NYC: Hurry Up and Wait… and Like It!

I’m not too sure why people say that New Yorkers are among the most impatient and rude people in the world. I know that mine is just an outsider’s view, but to this outsider, being a New Yorker seems as though it would be a constant exercise in patience.

Immediately upon our arrival to NYC at the Staten Island Ferry—which would carry us swiftly across the New York harbor, depositing us at the southern tip of Manhattan—we waited.

First we waited to board, then we waited to de-board, next we waited in line to purchase unlimited subway passes and then we waited on the platform for the train that would take us to our hotel. We waited to board the subway, to get off the subway, to walk up the stairs to street level… and of course we waited for our turn to cross lest we be run down by a cab, bus or bicycle messenger on a mission.

Welcome to New York City. Home to over 18 million people in the metropolitan area — it is an overwhelming, endless rush of humanity. And believe me everyone is rushing somewhere, everywhere, all the time. Hence, the “hurry up” part. Hurry up to get a place in line. Because this tidal wave of beings can only move as fast as transit and commerce will allow. Transit and commerce (I might add) that are also operated by and reliant upon other human beings. Thus, the “wait” part.

I quickly learned why Lee, my fearless-and-informed tour guide, told me to quote: “… travel light and wear comfortable shoes.” By the time our visit to the Big Apple concluded we had waited in line(s) not only for constant transport around the city, but for coffee, bagels, hot dogs, beer, pizza, pastrami and pickles. We waited in line for events, for elevators, for escalators, for public attractions, for bathrooms, for boats, for shopping, for a cashier, for a good view, for a good picture and even for a bench to sit on and rest from all the waiting.

Perhaps the “impatient” brand that has been seared upon New Yorkers only comes into play when they are, say… forced to deal with thousands of versions of some clueless tourist (like myself) on a daily basis who may or may not know the exact and proper ordering procedure for a pastrami on rye. For they are not afraid to show you their displeasure with your non-new-yorker ignorance.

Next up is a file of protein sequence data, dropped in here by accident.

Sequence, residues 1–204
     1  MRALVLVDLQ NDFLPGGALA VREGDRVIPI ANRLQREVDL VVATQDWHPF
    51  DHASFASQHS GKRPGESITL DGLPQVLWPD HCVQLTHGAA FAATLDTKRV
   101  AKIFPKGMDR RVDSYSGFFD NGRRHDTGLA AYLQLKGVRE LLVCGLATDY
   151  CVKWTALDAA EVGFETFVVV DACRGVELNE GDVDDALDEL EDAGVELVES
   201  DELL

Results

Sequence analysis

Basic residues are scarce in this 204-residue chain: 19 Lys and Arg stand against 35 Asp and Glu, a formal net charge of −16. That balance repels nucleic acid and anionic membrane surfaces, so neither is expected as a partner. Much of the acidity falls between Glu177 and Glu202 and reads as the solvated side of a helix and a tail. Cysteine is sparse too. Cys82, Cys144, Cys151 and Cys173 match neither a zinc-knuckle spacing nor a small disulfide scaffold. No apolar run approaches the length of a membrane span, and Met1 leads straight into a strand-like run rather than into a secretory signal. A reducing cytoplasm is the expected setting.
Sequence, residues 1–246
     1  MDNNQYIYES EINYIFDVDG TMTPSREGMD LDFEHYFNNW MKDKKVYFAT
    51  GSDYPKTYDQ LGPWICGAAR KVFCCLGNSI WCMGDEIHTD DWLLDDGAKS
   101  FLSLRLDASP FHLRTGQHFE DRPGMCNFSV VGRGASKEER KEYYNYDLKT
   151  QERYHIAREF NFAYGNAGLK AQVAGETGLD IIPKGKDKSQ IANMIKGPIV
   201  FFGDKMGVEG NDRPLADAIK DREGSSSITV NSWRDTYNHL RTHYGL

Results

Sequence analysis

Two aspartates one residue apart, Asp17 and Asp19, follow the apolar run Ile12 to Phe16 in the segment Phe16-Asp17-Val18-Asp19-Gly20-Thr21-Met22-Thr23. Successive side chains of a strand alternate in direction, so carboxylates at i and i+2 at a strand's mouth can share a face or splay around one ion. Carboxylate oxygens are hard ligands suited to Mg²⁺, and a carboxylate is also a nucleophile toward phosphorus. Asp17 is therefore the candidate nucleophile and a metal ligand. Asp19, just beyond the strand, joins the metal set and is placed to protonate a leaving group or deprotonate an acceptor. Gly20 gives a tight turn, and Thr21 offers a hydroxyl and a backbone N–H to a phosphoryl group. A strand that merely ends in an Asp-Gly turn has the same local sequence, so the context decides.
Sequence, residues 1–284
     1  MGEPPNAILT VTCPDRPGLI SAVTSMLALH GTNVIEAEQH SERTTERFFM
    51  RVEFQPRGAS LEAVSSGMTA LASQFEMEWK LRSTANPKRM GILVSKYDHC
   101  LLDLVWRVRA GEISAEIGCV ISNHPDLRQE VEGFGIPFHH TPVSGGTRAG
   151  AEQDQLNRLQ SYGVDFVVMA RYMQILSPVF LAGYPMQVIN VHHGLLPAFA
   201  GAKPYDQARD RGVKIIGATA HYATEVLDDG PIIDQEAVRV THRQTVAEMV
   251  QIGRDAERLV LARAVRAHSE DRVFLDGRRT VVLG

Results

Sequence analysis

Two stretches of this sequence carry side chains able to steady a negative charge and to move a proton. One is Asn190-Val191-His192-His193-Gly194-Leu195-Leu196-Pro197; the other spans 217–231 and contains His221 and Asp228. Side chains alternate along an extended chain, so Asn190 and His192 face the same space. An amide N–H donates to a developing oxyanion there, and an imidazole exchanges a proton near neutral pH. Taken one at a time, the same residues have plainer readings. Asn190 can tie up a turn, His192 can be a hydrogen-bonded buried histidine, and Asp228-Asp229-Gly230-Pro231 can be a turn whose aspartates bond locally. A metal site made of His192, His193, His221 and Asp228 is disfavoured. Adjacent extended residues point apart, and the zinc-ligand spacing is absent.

I can’t blame them. That’s just the way it is. Therefore, you’d better like it. Take your $20 deli sandwich, your $7 slice, your $5 dog or your $12 cocktail and drag your bumbling-photograph-taking-aimlessly-wandering-map-studying @$$ and get out of the way. Quickly. After all… someone else is waiting.

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5 Signs I Should Have Had Decaf

Standing in the long line at Subway for lunch yesterday it began to dawn on me that perhaps decaf would have been the wiser choice of java that morning… Why did I suspect this? 

  1. The man immediately in front of me, pacing, dancing around and grabbing / eating bags of chips from the front of the counter—that he hadn’t even paid for yet—was so jumpy and jittery that he began to make me nervous.
  2. The man standing in front of him had a tag sticking out of the back of his shirt and I had an overwhelming compulsion to violently rip it from his collar.
  3. The woman seated to my left was laughing so loudly and so obnoxiously that her shrill joviality made the concept of chewing glass an attractive option.
  4. The couple standing in the middle of the restaurant yelling to an acquaintance (who was standing RIGHT BESIDE THEM by the way) about their newly-rented, 10-bedroom condo in the Outer Banks incited such extreme annoyance that I felt the sudden urge to throw my purse at them while simultaneously yelling: “NOBODY IN THIS RESTAURANT CARES HOW MANY BATHROOMS IT HAS!”
  5. I honest-to-goodness imagined yanking the cell phone from the hands of the girl behind me and tossing it into the cucumber bin simply because I hated her ring tone.

Somehow, while all of these crazy imaginings and urges were flashing across my mind, I managed to look calmly out the window and settle my gaze upon a lovely maple tree that was just beginning to blush with the colors of fall. That is until my attention was diverted from the tree to the photograph hanging on my right. It was of a local high-school cheerleader—whose big hair and ridiculously-happy smile—made me want to slap her.

See, I told you… decaf.